Thereafter, drum 2 rotates the charged portion of the photoconductive surface to exposure station B. Exposure station B includes an exposure mechanism indicated generally by the reference numeral 8 having a stationary, transparent platen 9, such as a glass plate or like for supporting an original document thereon. Lamp 10 illuminates the original document. Scanning of the original document is achieved by translating the lamp in a time relationship with the movement of drum 2 so as to create incremental light images which are reflected upon a fixed mirror 16 via mirrors 14 and an optical lens 15 onto the charged portion of the photosensitive drum 2. Irradiation of the charged portion of the photoconductive surface of the drum 2 records an electrostatic image corresponding to the informational areas contained within the original document. Obviously, electronic imaging of the page information could be facilitated by a printing apparatus utilizing electrical imaging signals. The printing apparatus can be a digital copier including an input device, such as a raster output scanner (ROS), or, a printer utilizing a printer output device such as a ROS.

Subsequently, the electrostatic latent image is developed at developer station C. At the developer station, developer material from a developer housing 5 is caused to flow in contact with the surface of the drum 2. The developer material in the form of charged toner particles, is attracted to the image area of the drum 2 to form a visible toner image. The surface of the moving drum 2 then transports the toner image to transfer station D. Cut sheets of support material 20 are fed from the input tray 21 by sheet feeder 22 to the transfer station D via delivery rollers 24 and timing rollers 26 in synchronous relationship with the image on the surface of the drum 2. The backside of the sheet is sprayed with ions discharged from a transfer corotron 28 inducing on the sheet a charge having a polarity and magnitude sufficient to attract the toner material from the surface of the drum 2 to the sheet. The induced charge also electrostatically tacks the sheet to the drum 2. Subsequently, a second transfer corotron 29 induces an opposite charge on the sheet to facilitate the removal of the sheet from the surface of the drum 2. Also, to facilitate removal of the sheet, a stripper finger (FIG. 3 reference numeral 36) may be utilized to move between the drum 2 and the sheet of support material 20 to lift the sheet from the surface of the drum 2. In the illustration of FIG. 4, a sheet of support material may either be fed from the manual input 60, from the input tray 21, or from an auxiliary second input tray 70 by feeder 71 along path 72 to the aforementioned delivery rollers 24 and timing rollers 26.

The surface of the drum 2 continues along its rotational path passing cleaning station E, whereat the residual toner remaining on the surface of the drum 2 is removed prior to the charging thereof at charging station A. At the cleaning station E, the residual toner is mechanically cleaned from the surface of the drum 2, by means of a blade (FIG. 3 reference numeral 32) or the like. The toner is then collected within the cleaning housing 7. The residual toner may be collected and transported back to the developer housing 5 by suitable means, such as a conveyor moving in an endless loop through a tube. The collected residual toner can then be deposited in the developer mix within the developer housing 5 so that it can be reused in the developing process.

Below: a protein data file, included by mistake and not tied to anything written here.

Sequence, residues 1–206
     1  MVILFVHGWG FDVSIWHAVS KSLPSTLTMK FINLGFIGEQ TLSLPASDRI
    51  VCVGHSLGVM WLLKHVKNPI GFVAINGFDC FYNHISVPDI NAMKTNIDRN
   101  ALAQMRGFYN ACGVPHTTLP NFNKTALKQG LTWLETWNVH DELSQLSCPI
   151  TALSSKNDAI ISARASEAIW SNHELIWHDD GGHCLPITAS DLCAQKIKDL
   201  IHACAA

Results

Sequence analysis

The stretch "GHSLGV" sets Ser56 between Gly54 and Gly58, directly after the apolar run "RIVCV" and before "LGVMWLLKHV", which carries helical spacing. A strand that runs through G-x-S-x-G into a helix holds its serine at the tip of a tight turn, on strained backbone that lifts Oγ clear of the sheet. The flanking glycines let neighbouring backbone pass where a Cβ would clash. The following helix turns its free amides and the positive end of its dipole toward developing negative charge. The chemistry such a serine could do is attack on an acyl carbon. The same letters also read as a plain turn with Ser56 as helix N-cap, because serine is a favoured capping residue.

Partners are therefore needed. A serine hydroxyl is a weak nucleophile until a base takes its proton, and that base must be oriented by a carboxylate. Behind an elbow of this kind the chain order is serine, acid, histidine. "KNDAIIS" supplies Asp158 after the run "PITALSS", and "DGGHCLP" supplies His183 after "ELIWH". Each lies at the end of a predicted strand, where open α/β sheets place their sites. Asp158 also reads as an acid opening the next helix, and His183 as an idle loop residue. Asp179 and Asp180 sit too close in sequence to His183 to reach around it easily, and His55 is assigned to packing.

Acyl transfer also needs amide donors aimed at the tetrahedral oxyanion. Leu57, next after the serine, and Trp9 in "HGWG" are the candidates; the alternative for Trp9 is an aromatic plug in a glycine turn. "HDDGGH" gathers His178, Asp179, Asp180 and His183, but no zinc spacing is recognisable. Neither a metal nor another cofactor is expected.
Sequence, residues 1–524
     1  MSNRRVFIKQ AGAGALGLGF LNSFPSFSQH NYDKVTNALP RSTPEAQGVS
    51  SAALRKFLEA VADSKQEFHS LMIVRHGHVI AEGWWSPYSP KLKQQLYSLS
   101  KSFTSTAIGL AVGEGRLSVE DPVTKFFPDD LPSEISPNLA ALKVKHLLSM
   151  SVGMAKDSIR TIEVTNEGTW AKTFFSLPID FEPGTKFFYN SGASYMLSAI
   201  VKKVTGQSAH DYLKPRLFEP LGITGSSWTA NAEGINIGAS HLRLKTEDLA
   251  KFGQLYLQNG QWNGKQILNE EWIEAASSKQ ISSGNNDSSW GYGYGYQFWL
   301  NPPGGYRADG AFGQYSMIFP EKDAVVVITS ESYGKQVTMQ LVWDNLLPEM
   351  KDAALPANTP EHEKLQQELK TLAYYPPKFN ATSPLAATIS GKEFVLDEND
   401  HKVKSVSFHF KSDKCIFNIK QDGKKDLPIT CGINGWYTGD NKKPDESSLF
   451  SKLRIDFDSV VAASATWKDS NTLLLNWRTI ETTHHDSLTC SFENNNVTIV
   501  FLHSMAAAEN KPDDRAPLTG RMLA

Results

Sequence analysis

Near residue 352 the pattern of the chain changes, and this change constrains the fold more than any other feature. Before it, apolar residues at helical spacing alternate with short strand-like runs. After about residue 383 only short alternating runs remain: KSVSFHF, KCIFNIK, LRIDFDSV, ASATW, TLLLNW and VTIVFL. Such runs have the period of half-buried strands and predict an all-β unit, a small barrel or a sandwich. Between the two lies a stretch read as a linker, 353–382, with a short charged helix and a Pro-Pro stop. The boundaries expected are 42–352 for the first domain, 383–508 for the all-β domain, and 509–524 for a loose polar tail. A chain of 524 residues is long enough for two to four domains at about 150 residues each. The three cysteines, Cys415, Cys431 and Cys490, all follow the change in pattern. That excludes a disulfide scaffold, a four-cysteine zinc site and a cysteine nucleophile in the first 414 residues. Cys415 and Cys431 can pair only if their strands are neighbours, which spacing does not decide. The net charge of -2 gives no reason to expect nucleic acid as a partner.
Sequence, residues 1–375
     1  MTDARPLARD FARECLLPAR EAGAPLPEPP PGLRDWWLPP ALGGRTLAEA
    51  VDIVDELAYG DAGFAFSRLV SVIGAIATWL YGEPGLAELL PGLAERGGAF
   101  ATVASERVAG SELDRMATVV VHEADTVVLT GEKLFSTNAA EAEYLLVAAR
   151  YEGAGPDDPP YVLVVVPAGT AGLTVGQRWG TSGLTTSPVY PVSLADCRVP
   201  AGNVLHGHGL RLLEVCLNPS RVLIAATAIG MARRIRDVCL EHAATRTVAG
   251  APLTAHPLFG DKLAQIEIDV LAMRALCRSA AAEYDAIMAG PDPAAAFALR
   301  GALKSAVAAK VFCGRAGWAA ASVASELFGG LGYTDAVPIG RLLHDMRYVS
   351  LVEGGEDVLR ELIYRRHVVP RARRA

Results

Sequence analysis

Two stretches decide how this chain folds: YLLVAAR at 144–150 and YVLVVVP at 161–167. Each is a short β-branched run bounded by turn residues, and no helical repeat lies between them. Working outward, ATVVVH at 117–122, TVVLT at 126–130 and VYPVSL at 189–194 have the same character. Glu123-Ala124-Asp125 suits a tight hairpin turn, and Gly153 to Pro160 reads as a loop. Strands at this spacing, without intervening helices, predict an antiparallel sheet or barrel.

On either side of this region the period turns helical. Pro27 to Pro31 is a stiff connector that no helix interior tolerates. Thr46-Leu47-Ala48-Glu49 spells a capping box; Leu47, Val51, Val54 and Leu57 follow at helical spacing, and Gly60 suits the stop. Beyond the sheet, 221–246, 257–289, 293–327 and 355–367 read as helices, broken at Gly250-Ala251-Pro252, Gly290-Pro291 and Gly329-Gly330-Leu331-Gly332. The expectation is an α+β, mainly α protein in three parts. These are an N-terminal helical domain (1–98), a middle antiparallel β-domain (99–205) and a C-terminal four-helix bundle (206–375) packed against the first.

Following transfer and stripping, the sheet is transferred along transfer belt 75 to fusing station F. The fusing station F comprises an upper fuser roll 76 and a lower fuser roll 78 mounted in operative relation to each other and arranged to interact so as to support of the sheet of support material in a pressure driving contact therebetween. At least one of the two rolls (as shown, the upper roll 76), with the other roll typically being a simple pressure roller (as shown, the lower roll 78). As the heated roll 76 is rotated, the heated surface thereof is pressed into contact with the image face of the sheet. Mechanical and heat energy is transported from the roll surface to the support material permanently bonding the toner particles thereto. Upon leaving the fusing station F, the sheet having the image fixed thereto is discharged into a copy tray 80 by discharge rollers 79.

After producing the prescribed number of copies, the CRU 30 is replaced by the customer. The photosensitive drum 2 is very susceptible to damage and the new unit must be shipped in a protective covering so that the copy quality will not be impaired when the new CRU 30 is installed in the printing machine 1.

FIG. 1 illustrates the protective covering which is affixed to the new or reconditioned CRU 30 when the unit is prepared for shipment. Turning to FIG. 1, the cover 40 of the present invention is illustrated in perspective. The cover 40 is basically a clam-shelled type design, which has an integral hinge 42 at the center and is designed to be wrapped around the CRU 30 and attached by means of the attaching tabs 44 and eyelets 46. The cover 40 is manufactured from a durable, semi-rigid material, such as polyethylene and is constructed so as to protect the delicate photosensitive drum 2 and other fragile components of the CRU from damage during shipment. The semi-circular portions 48, 50 of the protective cover 40 can be seen. Each of these semi-circular portions 48, 50 has reinforcing ribs 52, 54 built into the section which prevent damage to the photoreceptive drum 2 and further provide structural rigidity and integrity to the cover unit 40.